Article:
CUDA Pro Tip: Write Flexible Kernels with Grid-Stride Loops

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One of the most common tasks in CUDA programming is to parallelize a loop using a kernel. As an example, let’s use our old friend SAXPY. Here’s the basic sequential implementation, which uses a for loop. To efficiently parallelize this, we need to launch enough threads to fully utilize the GPU. void saxpy(int n, float a,…

Thank you! I use this pattern everywhere now.

Thank you for the article. I always learn a lot from them.


When running loops of such large size, do we need to copy arrays from global to shared memory to speed calculations up? I have a B x T array in global memory totaling 1.4 GB in size. I need to take chunks of 1 x T size from it and perform a convolution with another 1 x T array taken from a lookup table 16 MB in size also residing in global memory. It makes sense to use T threads to perform the convolution since the calculations don't overlap but somehow I am getting inconsistent results (sometimes it works and sometimes it does not). I will learn you technique and see if it works, but I am a bit lost in loops right now.

Thanks for any light you can shed on this matter.


Hi Fabio,
I think that these are independent concepts (when to use grid stride loops and when to use shared memory). Shared memory won't help speed up every computation in a loop -- just those that can benefit from reuse among threads of the same block. It's a part of the memory hierarchy.

Thanks, Mark for your prompt answer!
I verified your statement about how independent shared and global memories are. It then dawn on me that within a warp, any operation done on a piece of global memory is actually performed in some fast memory and that I wasn't gaining any extra time by copying it to shared memory first. In any case, what ended up causing the unexpected behavior were unused threads in the warp that I ensured to be inactive by an if statement.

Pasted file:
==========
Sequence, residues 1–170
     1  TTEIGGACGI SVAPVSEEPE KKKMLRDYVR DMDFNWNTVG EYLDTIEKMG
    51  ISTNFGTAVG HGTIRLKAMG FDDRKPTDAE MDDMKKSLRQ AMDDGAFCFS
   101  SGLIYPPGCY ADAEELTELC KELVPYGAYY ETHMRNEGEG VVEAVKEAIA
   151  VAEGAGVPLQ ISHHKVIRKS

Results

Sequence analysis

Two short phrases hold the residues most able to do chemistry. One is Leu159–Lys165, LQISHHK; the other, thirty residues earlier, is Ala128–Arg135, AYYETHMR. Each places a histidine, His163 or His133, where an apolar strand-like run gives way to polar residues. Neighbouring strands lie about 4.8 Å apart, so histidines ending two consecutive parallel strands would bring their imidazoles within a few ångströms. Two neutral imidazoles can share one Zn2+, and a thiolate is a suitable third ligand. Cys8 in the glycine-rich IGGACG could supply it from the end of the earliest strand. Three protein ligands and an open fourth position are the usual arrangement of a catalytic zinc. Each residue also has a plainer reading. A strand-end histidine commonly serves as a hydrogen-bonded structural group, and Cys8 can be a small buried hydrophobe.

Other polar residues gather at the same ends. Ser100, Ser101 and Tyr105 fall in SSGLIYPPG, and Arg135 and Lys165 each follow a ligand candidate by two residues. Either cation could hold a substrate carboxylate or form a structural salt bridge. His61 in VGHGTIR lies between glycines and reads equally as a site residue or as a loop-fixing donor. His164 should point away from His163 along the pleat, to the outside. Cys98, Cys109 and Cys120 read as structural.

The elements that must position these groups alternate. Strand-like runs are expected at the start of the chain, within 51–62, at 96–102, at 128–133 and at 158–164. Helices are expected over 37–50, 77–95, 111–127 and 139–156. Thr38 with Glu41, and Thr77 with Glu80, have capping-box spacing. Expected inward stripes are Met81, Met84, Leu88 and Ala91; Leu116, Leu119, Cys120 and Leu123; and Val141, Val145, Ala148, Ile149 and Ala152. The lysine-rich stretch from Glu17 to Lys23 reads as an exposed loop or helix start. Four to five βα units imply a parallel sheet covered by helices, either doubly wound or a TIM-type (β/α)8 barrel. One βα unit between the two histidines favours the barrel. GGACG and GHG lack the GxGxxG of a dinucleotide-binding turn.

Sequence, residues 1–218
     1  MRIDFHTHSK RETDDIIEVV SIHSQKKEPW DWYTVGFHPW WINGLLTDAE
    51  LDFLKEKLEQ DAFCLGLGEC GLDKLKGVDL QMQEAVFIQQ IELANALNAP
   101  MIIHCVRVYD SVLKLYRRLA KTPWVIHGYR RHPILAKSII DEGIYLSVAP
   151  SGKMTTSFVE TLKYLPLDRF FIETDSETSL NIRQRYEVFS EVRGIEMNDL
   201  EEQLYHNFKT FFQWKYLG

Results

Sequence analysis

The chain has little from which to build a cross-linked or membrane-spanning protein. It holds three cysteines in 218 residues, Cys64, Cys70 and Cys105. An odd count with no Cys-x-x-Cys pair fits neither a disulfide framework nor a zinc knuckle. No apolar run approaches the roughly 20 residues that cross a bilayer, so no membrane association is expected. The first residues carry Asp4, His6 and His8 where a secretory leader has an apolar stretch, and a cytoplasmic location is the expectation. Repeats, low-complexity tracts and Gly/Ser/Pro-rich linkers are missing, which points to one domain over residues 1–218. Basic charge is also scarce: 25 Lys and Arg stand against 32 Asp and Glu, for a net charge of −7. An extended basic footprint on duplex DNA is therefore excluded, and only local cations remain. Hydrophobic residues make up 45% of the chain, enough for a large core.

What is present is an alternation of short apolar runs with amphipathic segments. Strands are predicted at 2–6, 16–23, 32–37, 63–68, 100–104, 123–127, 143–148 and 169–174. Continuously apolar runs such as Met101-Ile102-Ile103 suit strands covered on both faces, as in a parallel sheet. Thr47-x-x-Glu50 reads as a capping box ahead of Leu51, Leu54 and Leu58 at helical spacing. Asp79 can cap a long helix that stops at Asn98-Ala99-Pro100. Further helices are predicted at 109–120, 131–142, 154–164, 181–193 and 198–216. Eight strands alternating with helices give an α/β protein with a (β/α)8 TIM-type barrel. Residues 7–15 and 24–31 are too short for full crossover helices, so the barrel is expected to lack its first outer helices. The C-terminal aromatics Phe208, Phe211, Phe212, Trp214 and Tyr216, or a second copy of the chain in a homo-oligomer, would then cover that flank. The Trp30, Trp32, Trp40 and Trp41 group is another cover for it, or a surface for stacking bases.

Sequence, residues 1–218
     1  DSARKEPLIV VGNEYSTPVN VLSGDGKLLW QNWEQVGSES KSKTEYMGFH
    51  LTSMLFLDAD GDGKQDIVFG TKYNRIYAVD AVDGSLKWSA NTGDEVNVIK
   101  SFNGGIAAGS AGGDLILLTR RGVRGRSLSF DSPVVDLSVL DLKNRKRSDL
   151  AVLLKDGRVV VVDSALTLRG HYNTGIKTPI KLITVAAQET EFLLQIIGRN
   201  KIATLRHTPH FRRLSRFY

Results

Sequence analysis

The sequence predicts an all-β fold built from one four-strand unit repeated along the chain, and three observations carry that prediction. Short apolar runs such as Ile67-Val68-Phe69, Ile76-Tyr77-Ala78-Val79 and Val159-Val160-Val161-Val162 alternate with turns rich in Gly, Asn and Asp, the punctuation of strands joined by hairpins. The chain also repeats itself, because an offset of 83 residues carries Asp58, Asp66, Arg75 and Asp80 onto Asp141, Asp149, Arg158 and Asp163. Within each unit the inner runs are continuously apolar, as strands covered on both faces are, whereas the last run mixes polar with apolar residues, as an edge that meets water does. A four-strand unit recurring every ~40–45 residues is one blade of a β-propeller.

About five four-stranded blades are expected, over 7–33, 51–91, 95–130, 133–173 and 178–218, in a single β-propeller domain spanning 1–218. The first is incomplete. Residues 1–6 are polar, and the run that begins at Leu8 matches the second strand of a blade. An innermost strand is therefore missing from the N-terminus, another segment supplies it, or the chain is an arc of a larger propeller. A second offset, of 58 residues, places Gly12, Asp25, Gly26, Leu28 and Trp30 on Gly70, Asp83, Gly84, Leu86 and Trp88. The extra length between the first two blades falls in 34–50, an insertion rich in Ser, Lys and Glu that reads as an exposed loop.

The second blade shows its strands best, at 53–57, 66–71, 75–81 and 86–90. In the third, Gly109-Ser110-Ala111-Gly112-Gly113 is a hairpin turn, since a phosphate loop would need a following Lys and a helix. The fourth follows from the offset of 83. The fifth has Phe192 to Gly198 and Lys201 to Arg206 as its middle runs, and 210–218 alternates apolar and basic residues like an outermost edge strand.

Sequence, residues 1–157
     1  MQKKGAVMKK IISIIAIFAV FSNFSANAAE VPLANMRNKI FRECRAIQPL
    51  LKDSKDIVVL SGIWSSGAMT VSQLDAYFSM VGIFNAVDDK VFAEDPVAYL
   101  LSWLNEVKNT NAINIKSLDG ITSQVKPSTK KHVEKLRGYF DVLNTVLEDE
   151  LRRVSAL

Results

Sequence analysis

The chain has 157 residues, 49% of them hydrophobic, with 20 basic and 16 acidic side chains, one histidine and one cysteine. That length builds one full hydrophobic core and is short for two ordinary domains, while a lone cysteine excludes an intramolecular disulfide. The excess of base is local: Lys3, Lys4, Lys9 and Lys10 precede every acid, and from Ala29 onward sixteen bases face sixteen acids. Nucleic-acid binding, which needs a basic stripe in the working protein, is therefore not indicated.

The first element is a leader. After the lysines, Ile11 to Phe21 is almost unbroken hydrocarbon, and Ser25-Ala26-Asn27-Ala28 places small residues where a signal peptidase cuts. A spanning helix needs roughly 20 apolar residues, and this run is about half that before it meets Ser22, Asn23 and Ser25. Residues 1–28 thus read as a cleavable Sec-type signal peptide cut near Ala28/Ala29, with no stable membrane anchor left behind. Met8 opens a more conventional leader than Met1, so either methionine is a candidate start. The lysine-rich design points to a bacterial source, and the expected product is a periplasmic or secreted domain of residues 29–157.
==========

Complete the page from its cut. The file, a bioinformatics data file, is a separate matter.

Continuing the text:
Again, many thanks.

Any arithmetic instruction is performed in the compute cores (ALUs), reading data from registers. I suppose that yes, registers are "some fast memory".

Hi Mark,
sorry for possible silly question:
does it make sense to use inverse external loop. I mean:
use i=threadIdx.x*gridDim.x+blockIdx.x instead of i=blockIdx.x * blockDim.x + threadIdx.x;
Does it always slower or any reasons don't do so?

Thank you,

Think about which threads are running together. Threads 0 through 31, for example, will get values of `i` that are spread apart by gridDim.x. This means that if you index an array using `i` you will lose locality across parallel threads (this is important even in sequential loops on a CPU). Specifically, you will not get coalescing and each thread is likely to require a separate memory transaction (loading a whole cache line). Performance will suffer.

Thanks a lot, Mark!
All the best, Alexey

In the "grid-stride loop" example, would it be more efficient to store blockDim.x * gridDim.x in a register and use that register to increment i in the for loop?

If the compiler doesn't do that for you automatically then I would consider it a bug. Let me know if you find this is the case.